Fewer red light, speed camera tickets in Montgomery County this year

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Photo - LAUREL, MD  - OCTOBER 18:  Cars drive past a red light camera sign on Route 1 October 18, 2002 in Laurel, Maryland. Washington-area sniper investigators have been using red light camera images from around the city in the investigation.  (Photo by Mario Tama/Getty Images)
LAUREL, MD - OCTOBER 18: Cars drive past a red light camera sign on Route 1 October 18, 2002 in Laurel, Maryland. Washington-area sniper investigators have been using red light camera images from around the city in the investigation. (Photo by Mario Tama/Getty Images)
Local,Maryland,Transportation,Andy Brownfield,Montgomery County

Montgomery County is on track to issue fewer tickets from its red light and speed cameras this fiscal year than last year, but still has brought in $13 million from them so far this year.

About 291,000 tickets were issued from speed cameras and 25,000 from red light cameras since the start of the fiscal year in July through the end of February, according to data given to the County Council's Public Safety Committee on Monday.

That's almost 40,000 fewer speed camera tickets than were issued the previous fiscal year, but almost 3,000 more red light camera tickets.

Slowing down
Fiscal year Citations Revenue collected
2013 (through Feb. 28) 316,605 $13,223,697
2012 353,517 $15,825,129
2011 369,849 $16,308,257
2010 413,066 $20,321,930
2009 526,399 $24,863,139
Source: Montgomery County police

Public Safety Committee Chairman Phil Andrews, D-Gaithersburg/Rockville, said fewer tickets being issued shows that the cameras are working.

"Our goal is to change behavior," Andrews said. "Usually within a few weeks there is a drop in the number of citations issued as people become aware that there's a camera there. That's good, that's what we want."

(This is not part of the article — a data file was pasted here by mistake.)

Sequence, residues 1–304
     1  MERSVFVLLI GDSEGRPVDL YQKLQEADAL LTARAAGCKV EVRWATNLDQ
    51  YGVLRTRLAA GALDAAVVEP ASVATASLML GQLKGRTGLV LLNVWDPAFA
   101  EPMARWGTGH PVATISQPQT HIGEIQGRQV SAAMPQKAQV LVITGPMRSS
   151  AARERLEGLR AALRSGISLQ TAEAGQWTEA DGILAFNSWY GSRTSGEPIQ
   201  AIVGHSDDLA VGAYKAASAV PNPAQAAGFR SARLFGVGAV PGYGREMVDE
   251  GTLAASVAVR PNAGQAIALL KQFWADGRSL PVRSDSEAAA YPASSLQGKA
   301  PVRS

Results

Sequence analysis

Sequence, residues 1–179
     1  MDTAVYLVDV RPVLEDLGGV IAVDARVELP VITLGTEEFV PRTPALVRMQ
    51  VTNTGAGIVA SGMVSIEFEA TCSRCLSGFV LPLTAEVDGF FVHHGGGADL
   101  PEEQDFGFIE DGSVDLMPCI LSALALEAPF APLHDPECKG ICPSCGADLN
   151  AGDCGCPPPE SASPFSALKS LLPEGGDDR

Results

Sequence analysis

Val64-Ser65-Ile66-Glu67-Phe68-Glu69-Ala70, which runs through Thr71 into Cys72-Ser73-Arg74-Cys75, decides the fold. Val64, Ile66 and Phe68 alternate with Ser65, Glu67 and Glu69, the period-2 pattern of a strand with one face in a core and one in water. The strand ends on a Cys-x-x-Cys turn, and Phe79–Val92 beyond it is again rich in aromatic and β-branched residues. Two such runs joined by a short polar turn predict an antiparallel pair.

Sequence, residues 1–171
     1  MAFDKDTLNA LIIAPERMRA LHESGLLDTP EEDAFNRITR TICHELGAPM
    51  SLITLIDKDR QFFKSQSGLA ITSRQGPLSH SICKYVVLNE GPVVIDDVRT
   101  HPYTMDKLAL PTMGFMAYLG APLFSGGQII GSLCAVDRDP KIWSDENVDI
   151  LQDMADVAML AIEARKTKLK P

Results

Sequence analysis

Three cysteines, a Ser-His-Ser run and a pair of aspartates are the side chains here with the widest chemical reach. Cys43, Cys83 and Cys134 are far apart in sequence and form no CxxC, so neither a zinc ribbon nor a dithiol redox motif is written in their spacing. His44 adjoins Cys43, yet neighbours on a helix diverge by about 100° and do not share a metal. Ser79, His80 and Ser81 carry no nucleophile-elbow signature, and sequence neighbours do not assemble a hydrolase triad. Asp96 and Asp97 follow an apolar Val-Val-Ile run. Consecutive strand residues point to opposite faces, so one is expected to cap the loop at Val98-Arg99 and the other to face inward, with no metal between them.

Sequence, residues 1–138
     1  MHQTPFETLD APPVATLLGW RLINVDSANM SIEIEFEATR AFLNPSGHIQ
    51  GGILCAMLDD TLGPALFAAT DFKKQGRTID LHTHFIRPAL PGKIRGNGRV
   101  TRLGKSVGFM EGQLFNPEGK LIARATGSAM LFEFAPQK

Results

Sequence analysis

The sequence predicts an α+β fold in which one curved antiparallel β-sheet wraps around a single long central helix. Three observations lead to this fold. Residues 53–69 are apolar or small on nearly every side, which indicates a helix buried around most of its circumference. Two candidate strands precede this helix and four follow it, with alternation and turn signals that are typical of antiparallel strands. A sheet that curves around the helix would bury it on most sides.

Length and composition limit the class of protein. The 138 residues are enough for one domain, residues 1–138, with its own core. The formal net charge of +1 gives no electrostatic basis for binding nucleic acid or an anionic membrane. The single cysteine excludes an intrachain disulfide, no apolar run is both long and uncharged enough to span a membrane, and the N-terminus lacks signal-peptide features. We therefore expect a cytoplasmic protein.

AAA Mid-Atlantic spokesman Lon Anderson said it's a good thing that the number of tickets is going down.

"That would appear to be more in keeping with what we hope would happen, if you put a system like this in and you inform people and they learn where the cameras are and they slow down and behave differently in intersections, as a result the number of violators would go down," Anderson said, noting that Montgomery County's program is managed better than the District's, where ticket numbers continue to climb.

However, only about 64 percent of the tickets issued by Montgomery County have been paid.

County Police Department spokeswoman Janelle Smith said the number of unpaid tickets from fiscal 2012 wasn't available Monday due to a county computer outage.

When a motorist fails to pay a red light or speed camera ticket received from Montgomery County, a Maryland driver's vehicle registration is flagged and can't be renewed until the tickets are paid.

Between the cameras' installation in 2011 and March 2012, the county charged a $25 late fee on $40 speed camera tickets and $75 red light camera tickets that weren't paid within 30 days.

The county halted that practice when Maryland District Court Chief Judge Ben Clyburn advised County Executive Ike Leggett that charging late fees may violate a state law that requires all counties charge the same fees for red light and speed camera tickets.

Without the late fees, Montgomery County is losing about $2 million annually in additional revenue.

Montgomery County has 56 fixed-pole speed cameras, six mobile speed cameras and 20 portable camera units. There are 38 red light cameras -- up eight from fiscal 2012.

Richard Harrison, program manager of the Automated Traffic Enforcement Division of the Montgomery County Police Department, said the county is considering about 75 requests for speed and red light cameras. He said the backlog built up over the winter when it was too cold to put traffic sensors in the ground.

abrownfield@washingtonexaminer.com

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Andy Brownfield

Examiner Staff Writer
The Washington Examiner